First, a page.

The NYPA provides consumers with enforceable rights that must be observed and protected by covered businesses. Covered businesses must provide a clear privacy notice to consumers of such rights, and provide an opportunity for consumers to opt in or out of processing of personal data in such a manner that each consumer must select and clearly indicate their consent or denial of consent. Consumer rights include the right to request confirmation as to whether any of the consumer's personal data is being processed, or whether it is being sold to data brokers, as well as the names of any third parties with whom such information is being shared. Such information would need to be provided to the consumer free of charge, up to twice annually, and a reasonable fee may be charged for additional requests within the year.
Consumers would have a right to request correction of inaccurate personal data, place restrictions on processing of personal data, and may also request deletion of personal data in certain circumstances. Any correction, deletion, or restrictions on data processing must be communicated to third-party processors or recipients of such data. Covered businesses must respond to any such consumer request without undue delay, but at minimum within 30 days of receipt of the request, provided that this period may be extended to 60 days upon written notification to the consumer, with reasons for the delay provided to the consumer (such as complexity of the request, or the number of requests). If no action is to be taken in response to the request, the consumer would need to be notified and advised of any possibility of further internal review of the decision not to act on the request.
Violations of the NYPA would be enforced by the New York Attorney General, or, alternatively, by any person who has been injured by any violation of the Act, with reasonable attorney's fees awardable to a prevailing plaintiff. Notably, this fee provision awards fees to a consumer if they were successful in their suit, but a prevailing business would not be entitled to any such fees were it to prevail in its defense of the lawsuit. Where more than one entity is involved in the processing of the personal data, liability will be allocated among the parties based on comparative fault, unless liability is otherwise allocated by contract among the parties.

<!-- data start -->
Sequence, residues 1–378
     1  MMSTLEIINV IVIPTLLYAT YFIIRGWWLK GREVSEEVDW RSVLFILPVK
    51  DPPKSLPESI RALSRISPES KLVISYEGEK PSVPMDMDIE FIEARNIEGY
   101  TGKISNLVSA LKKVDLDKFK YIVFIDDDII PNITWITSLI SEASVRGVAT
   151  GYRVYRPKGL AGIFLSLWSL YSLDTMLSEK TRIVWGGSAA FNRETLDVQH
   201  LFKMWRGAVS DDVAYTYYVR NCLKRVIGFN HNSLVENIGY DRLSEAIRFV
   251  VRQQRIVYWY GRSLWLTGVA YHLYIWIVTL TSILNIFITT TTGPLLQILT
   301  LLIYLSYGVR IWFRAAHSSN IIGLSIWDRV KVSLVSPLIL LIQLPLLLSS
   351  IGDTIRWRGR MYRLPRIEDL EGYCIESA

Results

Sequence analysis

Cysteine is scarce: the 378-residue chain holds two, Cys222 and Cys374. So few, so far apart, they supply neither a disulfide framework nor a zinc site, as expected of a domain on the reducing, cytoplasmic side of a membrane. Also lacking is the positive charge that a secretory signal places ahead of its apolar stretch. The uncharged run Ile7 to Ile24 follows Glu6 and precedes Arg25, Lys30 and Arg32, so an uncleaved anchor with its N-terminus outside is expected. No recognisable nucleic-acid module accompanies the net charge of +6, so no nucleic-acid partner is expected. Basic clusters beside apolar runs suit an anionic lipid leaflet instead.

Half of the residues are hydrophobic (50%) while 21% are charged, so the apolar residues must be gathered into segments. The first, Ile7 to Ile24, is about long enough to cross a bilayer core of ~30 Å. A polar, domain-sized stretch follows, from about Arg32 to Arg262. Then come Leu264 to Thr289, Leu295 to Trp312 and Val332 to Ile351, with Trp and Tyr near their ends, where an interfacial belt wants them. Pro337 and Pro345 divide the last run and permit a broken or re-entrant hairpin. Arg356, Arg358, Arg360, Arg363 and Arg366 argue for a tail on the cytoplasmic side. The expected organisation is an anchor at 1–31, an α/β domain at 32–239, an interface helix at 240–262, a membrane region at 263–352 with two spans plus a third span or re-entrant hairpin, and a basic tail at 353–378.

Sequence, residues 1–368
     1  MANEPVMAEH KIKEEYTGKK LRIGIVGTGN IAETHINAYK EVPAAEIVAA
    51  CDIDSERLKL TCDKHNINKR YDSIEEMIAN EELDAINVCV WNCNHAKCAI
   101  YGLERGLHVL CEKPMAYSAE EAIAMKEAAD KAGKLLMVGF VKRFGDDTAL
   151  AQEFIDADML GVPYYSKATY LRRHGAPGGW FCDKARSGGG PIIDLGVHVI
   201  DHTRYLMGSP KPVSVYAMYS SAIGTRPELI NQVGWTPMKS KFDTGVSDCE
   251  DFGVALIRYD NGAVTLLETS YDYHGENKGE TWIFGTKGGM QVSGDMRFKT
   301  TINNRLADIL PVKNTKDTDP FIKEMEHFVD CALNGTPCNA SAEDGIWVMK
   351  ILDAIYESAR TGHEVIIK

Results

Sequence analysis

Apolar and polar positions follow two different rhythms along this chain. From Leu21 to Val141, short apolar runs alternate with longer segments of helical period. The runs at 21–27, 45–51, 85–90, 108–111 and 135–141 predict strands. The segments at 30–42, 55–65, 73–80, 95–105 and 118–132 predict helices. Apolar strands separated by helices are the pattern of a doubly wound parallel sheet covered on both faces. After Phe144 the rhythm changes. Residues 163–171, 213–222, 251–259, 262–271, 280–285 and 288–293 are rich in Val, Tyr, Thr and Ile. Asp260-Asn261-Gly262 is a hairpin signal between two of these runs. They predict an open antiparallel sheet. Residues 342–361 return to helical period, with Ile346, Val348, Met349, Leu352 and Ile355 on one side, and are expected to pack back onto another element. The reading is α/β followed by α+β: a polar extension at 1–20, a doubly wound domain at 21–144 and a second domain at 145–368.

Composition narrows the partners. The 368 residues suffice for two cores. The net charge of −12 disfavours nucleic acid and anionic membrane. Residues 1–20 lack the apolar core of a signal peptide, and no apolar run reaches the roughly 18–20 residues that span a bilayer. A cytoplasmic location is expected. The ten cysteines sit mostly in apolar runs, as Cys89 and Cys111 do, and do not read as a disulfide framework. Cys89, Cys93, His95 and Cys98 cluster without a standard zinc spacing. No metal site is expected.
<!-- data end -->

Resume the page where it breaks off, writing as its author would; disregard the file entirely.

Violators of the NYPA would be subject to injunctions and civil penalties to be calculated by the courts by considering the number of affected individuals, severity of the violation, and the size and revenues of the covered legal entity. For purposes of such calculation, each individual whose information was unlawfully processed counts as a separate violation, and each provision that was violated counts as a separate violation.
Given the above provisions, which exceed several of the privacy protections afforded by the CCPA, and, if passed, would make the NYPA the most expansive and consumer-oriented privacy law in the country (to date), any company doing business in New York or advertising to New York residents should closely monitor this bill as it is deliberated in the New York State legislature. If passed and signed into law, businesses should consider (1) consulting with legal counsel as to whether their company is a "covered entity" under the NYPA, and therefore subject to its requirements, (2) assess exclusion of data sets under HIPAA/HITECH, GLBA, or as an employment record, (3) review existing data privacy and data security policies and procedures, (4) analyze third-party contracts with data processors or other recipients of personal data, and (5) review insurance coverage status or options.